Many a bone, before you bury
     One sweet bone of mine!

     When shall I be dead?
       When my flesh is withered,
     And above my head
       Yellow pollen gathered
     All the empty afternoon?
       When sweet lovers pause and wonder
       Who am I that lie thereunder,
     Hidden from the moon?

     This my personal death?—
       That lungs be failing
     To inhale the breath
       Others are exhaling?
     This my subtle spirit's end?—
       Ah, when the thawed winter splashes
       Over these chance dust and ashes,
     Weep not me, my friend!

     Me, by no means dead
       In that hour, but surely
     When this book, unread,
       Rots to earth obscurely,
     And no more to any breast,
       Close against the clamorous swelling
       Of the thing there is no telling,
     Are these pages pressed!

     When this book is mould,
       And a book of many
     Waiting to be sold
       For a casual penny,
     In a little open case,
       In a street unclean and cluttered,
       Where a heavy mud is spattered
     From the passing drays,

     Stranger, pause and look;
       From the dust of ages
     Lift this little book,
       Turn the tattered pages,
     Read me, do not let me die!
       Search the fading letters, finding
       Steadfast in the broken binding
     All that once was I!

     When these veins are weeds,
       When these hollowed sockets
     Watch the rooty seeds
       Bursting down like rockets,
     And surmise the spring again,
       Or, remote in that black cupboard,
       Watch the pink worms writhing upward
     At the smell of rain,

     Boys and girls that lie
       Whispering in the hedges,
     Do not let me die,
       Mix me with your pledges;
     Boys and girls that slowly walk
       In the woods, and weep, and quarrel,
       Staring past the pink wild laurel,
     Mix me with your talk,

     Do not let me die!
       Farmers at your raking,
     When the sun is high,
       While the hay is making,
     When, along the stubble strewn,
       Withering on their stalks uneaten,
       Strawberries turn dark and sweeten
     In the lapse of noon;

     Shepherds on the hills,
       In the pastures, drowsing
     To the tinkling bells
       Of the brown sheep browsing;
     Sailors crying through the storm;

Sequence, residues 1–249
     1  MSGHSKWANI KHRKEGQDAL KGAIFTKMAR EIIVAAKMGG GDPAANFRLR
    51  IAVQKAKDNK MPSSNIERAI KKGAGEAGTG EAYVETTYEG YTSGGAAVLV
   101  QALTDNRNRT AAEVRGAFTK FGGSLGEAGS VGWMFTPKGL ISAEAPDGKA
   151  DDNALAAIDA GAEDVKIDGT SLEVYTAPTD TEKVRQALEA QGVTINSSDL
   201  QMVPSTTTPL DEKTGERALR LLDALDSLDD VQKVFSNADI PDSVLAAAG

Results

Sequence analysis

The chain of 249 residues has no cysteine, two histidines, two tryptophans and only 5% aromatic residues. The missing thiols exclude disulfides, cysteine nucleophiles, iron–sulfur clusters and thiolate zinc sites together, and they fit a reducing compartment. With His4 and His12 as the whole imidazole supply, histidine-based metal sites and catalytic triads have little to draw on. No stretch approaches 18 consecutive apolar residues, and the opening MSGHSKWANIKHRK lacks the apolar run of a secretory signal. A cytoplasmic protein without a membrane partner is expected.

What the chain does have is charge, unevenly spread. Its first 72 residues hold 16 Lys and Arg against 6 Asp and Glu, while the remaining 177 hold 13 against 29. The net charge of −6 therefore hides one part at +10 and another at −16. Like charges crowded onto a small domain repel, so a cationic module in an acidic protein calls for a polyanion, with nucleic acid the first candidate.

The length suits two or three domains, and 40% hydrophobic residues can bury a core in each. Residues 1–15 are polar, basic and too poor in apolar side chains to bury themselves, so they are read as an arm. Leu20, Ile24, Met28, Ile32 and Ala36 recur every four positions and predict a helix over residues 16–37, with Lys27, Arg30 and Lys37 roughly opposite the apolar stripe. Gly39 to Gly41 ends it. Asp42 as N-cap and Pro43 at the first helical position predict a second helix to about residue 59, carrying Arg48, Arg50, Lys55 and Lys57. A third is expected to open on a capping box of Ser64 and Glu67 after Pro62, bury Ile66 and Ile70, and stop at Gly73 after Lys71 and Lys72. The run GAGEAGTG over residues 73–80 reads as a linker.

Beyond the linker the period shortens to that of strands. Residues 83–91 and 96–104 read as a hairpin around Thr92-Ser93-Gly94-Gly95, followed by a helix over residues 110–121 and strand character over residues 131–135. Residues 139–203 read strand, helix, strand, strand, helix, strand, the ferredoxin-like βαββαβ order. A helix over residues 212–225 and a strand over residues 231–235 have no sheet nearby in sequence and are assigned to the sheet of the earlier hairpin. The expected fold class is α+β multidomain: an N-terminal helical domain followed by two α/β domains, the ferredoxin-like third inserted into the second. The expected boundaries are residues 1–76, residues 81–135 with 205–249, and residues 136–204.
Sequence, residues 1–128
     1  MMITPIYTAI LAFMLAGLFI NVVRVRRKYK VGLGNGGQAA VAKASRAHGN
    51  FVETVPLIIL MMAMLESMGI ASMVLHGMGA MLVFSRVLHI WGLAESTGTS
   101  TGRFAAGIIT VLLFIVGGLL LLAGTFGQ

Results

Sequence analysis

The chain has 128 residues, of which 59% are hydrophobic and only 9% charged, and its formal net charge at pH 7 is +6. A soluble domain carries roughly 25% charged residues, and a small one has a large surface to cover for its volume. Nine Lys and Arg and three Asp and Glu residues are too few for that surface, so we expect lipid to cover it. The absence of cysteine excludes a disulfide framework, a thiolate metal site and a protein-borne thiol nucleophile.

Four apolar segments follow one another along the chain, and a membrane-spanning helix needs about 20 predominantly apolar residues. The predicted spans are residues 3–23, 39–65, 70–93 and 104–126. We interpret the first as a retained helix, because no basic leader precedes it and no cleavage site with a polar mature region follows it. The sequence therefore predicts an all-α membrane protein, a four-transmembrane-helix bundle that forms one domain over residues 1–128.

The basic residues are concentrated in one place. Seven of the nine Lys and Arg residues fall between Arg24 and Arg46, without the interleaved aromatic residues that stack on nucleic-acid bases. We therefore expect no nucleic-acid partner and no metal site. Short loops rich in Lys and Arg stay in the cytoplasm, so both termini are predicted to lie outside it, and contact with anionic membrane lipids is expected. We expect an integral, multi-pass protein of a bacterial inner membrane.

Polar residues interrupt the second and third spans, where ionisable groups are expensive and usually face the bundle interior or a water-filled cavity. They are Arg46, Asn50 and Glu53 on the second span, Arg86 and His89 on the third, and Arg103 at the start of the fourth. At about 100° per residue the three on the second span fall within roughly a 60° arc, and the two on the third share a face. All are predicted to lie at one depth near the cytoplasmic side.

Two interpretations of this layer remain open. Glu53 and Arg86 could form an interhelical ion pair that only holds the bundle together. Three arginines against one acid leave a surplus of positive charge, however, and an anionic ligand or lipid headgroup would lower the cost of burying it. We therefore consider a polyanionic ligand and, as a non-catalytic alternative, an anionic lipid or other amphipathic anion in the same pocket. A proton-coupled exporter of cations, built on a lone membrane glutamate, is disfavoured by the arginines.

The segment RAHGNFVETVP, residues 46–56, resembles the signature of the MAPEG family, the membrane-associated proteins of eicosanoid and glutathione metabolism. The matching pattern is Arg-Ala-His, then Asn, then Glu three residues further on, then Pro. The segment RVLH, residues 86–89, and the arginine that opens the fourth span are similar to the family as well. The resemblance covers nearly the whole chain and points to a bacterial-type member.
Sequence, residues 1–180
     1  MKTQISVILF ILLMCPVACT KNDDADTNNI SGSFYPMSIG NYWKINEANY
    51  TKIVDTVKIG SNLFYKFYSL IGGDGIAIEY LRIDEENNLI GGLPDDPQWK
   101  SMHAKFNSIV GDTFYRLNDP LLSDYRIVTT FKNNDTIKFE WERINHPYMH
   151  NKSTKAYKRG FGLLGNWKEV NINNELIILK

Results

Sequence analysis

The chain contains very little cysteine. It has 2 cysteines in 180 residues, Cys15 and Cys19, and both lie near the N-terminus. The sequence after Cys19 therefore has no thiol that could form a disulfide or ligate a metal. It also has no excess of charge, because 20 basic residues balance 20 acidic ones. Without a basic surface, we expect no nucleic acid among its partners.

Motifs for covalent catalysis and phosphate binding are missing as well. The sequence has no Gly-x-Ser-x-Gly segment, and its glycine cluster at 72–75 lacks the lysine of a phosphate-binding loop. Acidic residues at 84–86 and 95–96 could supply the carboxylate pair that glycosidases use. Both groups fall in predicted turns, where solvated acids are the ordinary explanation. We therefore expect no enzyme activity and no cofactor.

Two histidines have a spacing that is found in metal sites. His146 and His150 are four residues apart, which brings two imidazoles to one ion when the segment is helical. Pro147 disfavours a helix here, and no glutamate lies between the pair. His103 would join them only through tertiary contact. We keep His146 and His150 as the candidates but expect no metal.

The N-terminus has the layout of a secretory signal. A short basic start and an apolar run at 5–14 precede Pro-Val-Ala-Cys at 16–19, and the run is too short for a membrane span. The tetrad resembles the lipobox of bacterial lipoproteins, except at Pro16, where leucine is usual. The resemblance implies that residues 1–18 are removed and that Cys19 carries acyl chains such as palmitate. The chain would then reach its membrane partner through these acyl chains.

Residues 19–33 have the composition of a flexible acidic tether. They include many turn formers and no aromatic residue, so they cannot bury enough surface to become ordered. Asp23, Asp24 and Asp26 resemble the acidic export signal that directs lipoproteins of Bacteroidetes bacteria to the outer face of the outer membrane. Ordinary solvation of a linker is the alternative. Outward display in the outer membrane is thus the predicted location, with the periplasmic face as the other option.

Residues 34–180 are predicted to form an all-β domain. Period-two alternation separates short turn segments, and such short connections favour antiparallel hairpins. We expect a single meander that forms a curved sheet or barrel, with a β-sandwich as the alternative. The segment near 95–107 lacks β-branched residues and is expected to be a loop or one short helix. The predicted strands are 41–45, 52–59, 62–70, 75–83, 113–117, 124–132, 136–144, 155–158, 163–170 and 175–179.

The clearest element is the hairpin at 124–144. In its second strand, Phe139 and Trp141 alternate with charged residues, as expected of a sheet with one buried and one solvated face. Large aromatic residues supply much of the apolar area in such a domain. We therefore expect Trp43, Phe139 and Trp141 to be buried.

Scholars at your study; hunters
       Lost amid the whirling winter's
     Whiteness uniform;

     Men that long for sleep;
       Men that wake and revel;—
     If an old song leap
       To your senses' level
     At such moments, may it be
       Sometimes, though a moment only,
       Some forgotten, quaint and homely
     Vehicle of me!

     Women at your toil,
       Women at your leisure
     Till the kettle boil,
       Snatch of me your pleasure,
     Where the broom-straw marks the leaf;
       Women quiet with your weeping
       Lest you wake a workman sleeping,
     Mix me with your grief!

     Boys and girls that steal
       From the shocking laughter
     Of the old, to kneel
       By a dripping rafter
     Under the discolored eaves,
       Out of trunks with hingeless covers
       Lifting tales of saints and lovers,
     Travelers, goblins, thieves,

     Suns that shine by night,
       Mountains made from valleys,—
     Bear me to the light,
       Flat upon your bellies
     By the webby window lie,
       Where the little flies are crawling,—
       Read me, margin me with scrawling,
     Do not let me die!

     Sexton, ply your trade!
       In a shower of gravel
     Stamp upon your spade!
       Many a rose shall ravel,
     Many a metal wreath shall rust
       In the rain, and I go singing
       Through the lots where you are flinging
     Yellow clay on dust!


     My heart is what it was before,
       A house where people come and go;
     But it is winter with your love,
       The sashes are beset with snow.

     I light the lamp and lay the cloth,
       I blow the coals to blaze again;
     But it is winter with your love,
       The frost is thick upon the pane.

     I know a winter when it comes:
       The leaves are listless on the boughs;
     I watched your love a little while,
       And brought my plants into the house.

     I water them and turn them south,
       I snap the dead brown from the stem;
     But it is winter with your love,—
       I only tend and water them.

     There was a time I stood and watched
       The small, ill-natured sparrows' fray;
     I loved the beggar that I fed,
       I cared for what he had to say,

     I stood and watched him out of sight;
       Today I reach around the door
     And set a bowl upon the step;
       My heart is what it was before,

     But it is winter with your love;
       I scatter crumbs upon the sill,
     And close the window,—and the birds
       May take or leave them, as they will.


     People that build their houses inland,
       People that buy a plot of ground
     Shaped like a house, and build a house there,
       Far from the sea-board, far from the sound

     Of water sucking the hollow ledges,
       Tons of water striking the shore,—
     What do they long for, as I long for
       One salt smell of the sea once more?

     People the waves have not awakened,
       Spanking the boats at the harbor's head,
     What do they long for, as I long for,—
       Starting up in my inland bed,

     Beating the narrow walls, and finding
       Neither a window nor a door,
     Screaming to God for death by drowning,—